- 1 Related Videos
- 2 Related Web Pages
- 3 Pitch
- 3.1 How much pitch will I need?
- 3.2 How to get the pitch into the pitch bowl
- 3.3 Melting Black Pitch
- 3.4 If You Don’t Want to Bother Putting Pitch into a Pitch Pot
- 3.5 Drip Protection
- 3.6 Cleaning Pitch off the Metal
- 3.7 What to do Next
- 3.8 Getting Ready to Chase & Repoussé
- 3.9 Pitch Suppliers
- 3.10 Pitch Recipe Links
- 3.11 Pitch Pots/Bowls
- 3.12 Safety Links
- 3.13 More Information
- 3.14 Last Words
Related Web Pages
- Pitch is a product made with either organic resin or, a petroleum based product, asphaltum. Then, either brick dust, plaster of paris, fine clay, sand, tallow or wax is added to create strength and resilience. There are a bunch of commercial pitches available. You can make your own but, it is a dangerous, messy job. Starting out, it would behoove you to start with a commercial pitch.
- Pitch comes in Soft, Medium and Hard – each has its own particular usage. Soft pitch melts at low temperatures and is great for filling hollowware as it is easy to pour. As expected, soft pitch yields more and is more responsive to the forces of the tools and is great for deep forming. Although, soft pitch is too soft for chasing and planishing. Medium pitch is a good all around pitch. It gives enough to form deep repousse´d areas and is firm enough to chase on. Hard pitch is useful for detailed work using engraving or chiseling tools and for planishing .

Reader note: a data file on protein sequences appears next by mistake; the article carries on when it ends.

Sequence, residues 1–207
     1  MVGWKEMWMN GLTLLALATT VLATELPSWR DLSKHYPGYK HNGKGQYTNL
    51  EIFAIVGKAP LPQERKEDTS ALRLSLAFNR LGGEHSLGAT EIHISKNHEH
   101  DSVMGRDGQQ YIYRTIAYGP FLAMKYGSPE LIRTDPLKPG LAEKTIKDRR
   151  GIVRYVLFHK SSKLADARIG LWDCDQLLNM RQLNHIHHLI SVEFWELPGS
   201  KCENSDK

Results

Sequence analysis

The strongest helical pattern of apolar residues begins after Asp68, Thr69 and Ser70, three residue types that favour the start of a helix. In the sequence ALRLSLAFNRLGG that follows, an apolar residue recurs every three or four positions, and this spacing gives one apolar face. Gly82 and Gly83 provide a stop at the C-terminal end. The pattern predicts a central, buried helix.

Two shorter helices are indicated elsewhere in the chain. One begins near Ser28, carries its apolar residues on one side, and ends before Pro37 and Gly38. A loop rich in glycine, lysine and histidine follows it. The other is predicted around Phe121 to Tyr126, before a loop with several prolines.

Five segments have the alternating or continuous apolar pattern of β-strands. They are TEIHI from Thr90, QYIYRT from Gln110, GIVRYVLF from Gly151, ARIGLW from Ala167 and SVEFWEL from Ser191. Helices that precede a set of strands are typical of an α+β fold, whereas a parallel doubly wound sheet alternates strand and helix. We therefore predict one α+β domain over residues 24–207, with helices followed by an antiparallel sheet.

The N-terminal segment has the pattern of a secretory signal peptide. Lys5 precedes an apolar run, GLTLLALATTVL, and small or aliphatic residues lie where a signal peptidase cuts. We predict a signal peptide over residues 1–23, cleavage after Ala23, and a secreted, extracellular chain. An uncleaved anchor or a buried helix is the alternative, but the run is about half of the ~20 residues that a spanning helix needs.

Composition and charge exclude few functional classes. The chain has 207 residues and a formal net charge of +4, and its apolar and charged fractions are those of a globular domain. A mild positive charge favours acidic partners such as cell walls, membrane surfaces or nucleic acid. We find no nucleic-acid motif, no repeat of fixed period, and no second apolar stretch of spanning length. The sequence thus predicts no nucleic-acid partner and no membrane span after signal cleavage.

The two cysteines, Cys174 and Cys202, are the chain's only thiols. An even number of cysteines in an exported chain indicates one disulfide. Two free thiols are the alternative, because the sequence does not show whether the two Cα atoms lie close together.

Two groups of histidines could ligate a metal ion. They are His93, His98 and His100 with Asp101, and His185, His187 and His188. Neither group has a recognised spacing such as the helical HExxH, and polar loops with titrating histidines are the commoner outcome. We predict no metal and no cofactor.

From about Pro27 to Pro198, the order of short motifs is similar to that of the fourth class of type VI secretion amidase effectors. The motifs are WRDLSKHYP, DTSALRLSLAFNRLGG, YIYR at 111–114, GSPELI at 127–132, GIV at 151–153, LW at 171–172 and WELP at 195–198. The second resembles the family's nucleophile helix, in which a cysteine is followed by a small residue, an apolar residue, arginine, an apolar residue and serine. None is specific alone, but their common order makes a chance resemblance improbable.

- Pitch needs to be warmed to hold onto the metal. This is generally done with either a torch or a heat gun. Care must be taken to not burn or let the pitch catch on fire. This burns out parts of the mixture, making the pitch no longer pitch. Also, the fumes are eye and lung irritants and aren’t good for you. When working with pitch and heat, be sure to ventilate well. If you don’t have adequate ventilation, go outside and warm the pitch. If you can smell it, your ventilation isn’t good enough.
- While the pitch is warm, the metal is placed into it. Then the pitch is allowed to cool. If you are doing repousse´ work, the pitch needs to be cooled but not hard. For chasing work you want the pitch hard so that your chased lines remain crisp. If your room is too warm, you can place the pitch bowl in the refrigerator or outside, if it’s cold.